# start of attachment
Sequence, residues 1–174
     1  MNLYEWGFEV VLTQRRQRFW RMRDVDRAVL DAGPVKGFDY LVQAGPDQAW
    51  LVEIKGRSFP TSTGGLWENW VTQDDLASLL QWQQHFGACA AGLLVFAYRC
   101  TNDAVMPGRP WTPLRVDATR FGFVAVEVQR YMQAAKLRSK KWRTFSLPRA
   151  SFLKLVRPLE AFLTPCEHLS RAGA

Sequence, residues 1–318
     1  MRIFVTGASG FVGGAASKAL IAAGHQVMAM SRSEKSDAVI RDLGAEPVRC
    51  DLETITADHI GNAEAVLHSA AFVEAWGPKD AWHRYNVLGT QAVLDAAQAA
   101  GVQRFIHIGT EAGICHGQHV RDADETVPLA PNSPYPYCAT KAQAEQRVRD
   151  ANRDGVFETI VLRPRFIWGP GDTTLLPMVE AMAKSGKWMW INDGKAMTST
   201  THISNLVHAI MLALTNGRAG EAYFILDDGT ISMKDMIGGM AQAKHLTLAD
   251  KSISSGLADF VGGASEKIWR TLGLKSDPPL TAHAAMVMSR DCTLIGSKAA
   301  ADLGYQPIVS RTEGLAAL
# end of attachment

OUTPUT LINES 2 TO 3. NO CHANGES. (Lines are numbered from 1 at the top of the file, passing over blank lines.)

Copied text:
     1  MNLYEWGFEV VLTQRRQRFW RMRDVDRAVL DAGPVKGFDY LVQAGPDQAW
    51  LVEIKGRSFP TSTGGLWENW VTQDDLASLL QWQQHFGACA AGLLVFAYRC